Wales Air Ambulance saved man twice in three weeks

Grant Withington sitting at home
Image caption Grant Withington: 'They saved my life... every day is a blessing'

A man who needed an air ambulance twice in three weeks for different emergencies said he owes his life to the service.

Grant Withington, from Llandrindod Wells, Powys, first suffered a hand injury from a chainsaw, then weeks later had a heart attack.

The 53-year-old said he would not be alive if he had travelled by road.

The service has reached 30,000 cases and has thanked those who help to raise £6.5m towards its annual costs.

Furniture maker Mr Withington severely injured his hand while cutting wood with a chainsaw in his garden in June.

He said the journey to specialists at Swansea's Morriston Hospital would have taken up to two hours by road, so doctors called for the air ambulance in Welshpool, which allowed his hand to be saved.

Three weeks later while recovering from reconstructive surgery, he felt unwell and went to his GP, who told him he was having a heart attack.

"The cardiac ward wanted me there within an hour which by road is impossible, so yet again for a second time the air ambulance was called and they got me there in 16 minutes," Mr Withington said.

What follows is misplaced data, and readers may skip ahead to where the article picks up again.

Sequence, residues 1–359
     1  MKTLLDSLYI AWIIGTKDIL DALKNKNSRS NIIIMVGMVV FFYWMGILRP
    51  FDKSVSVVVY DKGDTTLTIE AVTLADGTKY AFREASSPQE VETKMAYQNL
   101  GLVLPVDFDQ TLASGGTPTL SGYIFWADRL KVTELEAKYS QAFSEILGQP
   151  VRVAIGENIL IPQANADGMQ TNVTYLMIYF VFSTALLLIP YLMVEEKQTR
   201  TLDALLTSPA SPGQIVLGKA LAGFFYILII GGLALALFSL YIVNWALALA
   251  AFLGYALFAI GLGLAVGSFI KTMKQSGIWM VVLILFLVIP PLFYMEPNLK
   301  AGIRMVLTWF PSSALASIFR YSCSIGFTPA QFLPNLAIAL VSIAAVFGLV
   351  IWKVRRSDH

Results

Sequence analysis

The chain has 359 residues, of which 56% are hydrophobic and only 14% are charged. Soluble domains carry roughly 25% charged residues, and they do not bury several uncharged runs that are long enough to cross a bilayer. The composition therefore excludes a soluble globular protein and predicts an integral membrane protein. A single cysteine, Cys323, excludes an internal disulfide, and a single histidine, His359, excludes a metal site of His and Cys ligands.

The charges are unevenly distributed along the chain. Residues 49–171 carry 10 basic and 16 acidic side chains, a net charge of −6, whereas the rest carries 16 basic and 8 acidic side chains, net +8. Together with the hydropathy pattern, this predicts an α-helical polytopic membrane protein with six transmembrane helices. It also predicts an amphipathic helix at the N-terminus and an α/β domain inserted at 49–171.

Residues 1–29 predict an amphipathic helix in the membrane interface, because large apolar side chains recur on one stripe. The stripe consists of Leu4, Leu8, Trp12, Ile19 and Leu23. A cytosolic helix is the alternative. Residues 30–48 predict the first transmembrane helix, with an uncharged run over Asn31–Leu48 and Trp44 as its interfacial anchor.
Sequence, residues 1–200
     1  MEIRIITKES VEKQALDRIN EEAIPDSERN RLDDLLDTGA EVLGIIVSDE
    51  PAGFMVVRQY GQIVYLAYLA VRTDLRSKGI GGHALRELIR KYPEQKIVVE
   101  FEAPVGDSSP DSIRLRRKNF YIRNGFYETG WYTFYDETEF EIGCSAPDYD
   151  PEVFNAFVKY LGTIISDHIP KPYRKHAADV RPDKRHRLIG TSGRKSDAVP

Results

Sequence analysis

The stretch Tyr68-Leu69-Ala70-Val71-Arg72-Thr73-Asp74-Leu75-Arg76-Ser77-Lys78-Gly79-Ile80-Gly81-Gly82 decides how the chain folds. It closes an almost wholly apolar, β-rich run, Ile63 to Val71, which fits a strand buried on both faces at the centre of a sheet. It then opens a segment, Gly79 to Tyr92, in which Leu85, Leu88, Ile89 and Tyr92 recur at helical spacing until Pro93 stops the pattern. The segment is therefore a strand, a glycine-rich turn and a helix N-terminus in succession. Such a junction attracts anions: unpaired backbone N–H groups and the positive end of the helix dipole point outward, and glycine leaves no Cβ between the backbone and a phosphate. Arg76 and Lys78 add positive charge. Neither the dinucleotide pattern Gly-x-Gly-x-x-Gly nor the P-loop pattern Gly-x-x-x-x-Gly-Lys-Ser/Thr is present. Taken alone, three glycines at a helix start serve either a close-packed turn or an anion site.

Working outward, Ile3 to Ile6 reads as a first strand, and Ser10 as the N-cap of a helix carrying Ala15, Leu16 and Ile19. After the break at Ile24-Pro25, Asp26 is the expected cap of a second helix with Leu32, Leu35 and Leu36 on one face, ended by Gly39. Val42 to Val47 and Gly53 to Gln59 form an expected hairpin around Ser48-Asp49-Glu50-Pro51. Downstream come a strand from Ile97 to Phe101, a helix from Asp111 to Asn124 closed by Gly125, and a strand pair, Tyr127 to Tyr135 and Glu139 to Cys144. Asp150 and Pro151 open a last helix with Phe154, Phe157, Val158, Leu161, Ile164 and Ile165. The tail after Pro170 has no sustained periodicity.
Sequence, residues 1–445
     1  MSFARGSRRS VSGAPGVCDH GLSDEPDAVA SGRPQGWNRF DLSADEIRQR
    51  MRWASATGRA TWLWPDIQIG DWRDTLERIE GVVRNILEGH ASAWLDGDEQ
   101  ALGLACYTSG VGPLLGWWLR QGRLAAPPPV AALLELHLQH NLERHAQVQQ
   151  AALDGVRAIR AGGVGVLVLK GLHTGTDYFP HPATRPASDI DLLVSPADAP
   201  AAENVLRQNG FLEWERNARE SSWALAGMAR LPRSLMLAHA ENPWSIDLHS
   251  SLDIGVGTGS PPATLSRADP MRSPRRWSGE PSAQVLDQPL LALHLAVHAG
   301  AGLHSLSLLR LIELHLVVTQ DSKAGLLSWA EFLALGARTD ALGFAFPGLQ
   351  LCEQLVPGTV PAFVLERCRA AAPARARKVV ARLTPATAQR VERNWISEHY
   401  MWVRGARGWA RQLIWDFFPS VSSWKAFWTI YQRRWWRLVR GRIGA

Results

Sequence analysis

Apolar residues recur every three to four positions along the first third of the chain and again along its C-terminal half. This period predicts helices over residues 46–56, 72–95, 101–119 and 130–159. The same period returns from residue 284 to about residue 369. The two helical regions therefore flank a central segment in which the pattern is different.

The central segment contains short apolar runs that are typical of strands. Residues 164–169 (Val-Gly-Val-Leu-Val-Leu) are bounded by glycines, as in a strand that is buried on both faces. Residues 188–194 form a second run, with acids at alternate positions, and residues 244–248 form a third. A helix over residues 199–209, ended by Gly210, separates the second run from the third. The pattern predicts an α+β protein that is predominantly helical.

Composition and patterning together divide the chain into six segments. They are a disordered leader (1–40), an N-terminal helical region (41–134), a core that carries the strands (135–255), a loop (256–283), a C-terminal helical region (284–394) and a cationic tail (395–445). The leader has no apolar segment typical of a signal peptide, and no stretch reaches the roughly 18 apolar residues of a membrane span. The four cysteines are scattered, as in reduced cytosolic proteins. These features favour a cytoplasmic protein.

"Undoubtedly they saved my life - I'll never be able to thank them enough - it's a very sobering experience to think that I might not have been here.

"When you live in a rural area these things are essential, it's critical.

Image caption The air ambulance is run thanks to donations

"In the past I've seen the air ambulance on occasion flying overhead, but never for a second did I think I'd end up inside one of them - let along twice in three weeks.

"I'm just eternally grateful to these people - I need both my hands to do my job… and they saved my life with the heart issue. Every day is a blessing."

Operations manager Mark Winter was on board the first Wales Air Ambulance mission back in 2001 when it was simply about getting the patient to hospital but he said now it is about taking the hospital to the most seriously ill patients.

Image caption Grant Withington's hand was saved thanks to being flown to hospital

"Ventilators, syringe pumps, monitors and blood, are now all on board which weren't available a few years ago," he said.

"One of the things we talk about in our world is 'unexpected survivors' - those patients who have had emergency front line treatment at the roadside or at the home who otherwise would have to have been taken to hospital, where it might have been too late."

Wales Air Ambulance now has emergency consultant doctors on board helicopters based in Caernarfon, Cardiff, Llanelli and Welshpool and its chief executive said it was the biggest service of its kind in the UK.

Angela Hughes now wants the next challenge to be extending the operating hours from 12 hours daily to 24/7.

"It is busier now but because it's a national service people can see where their money is going and the amounts we raise is phenomenal," she said.

"People know why we're needed - lots of rural activity, seaside, the medical situations too - getting people to where they need to be."

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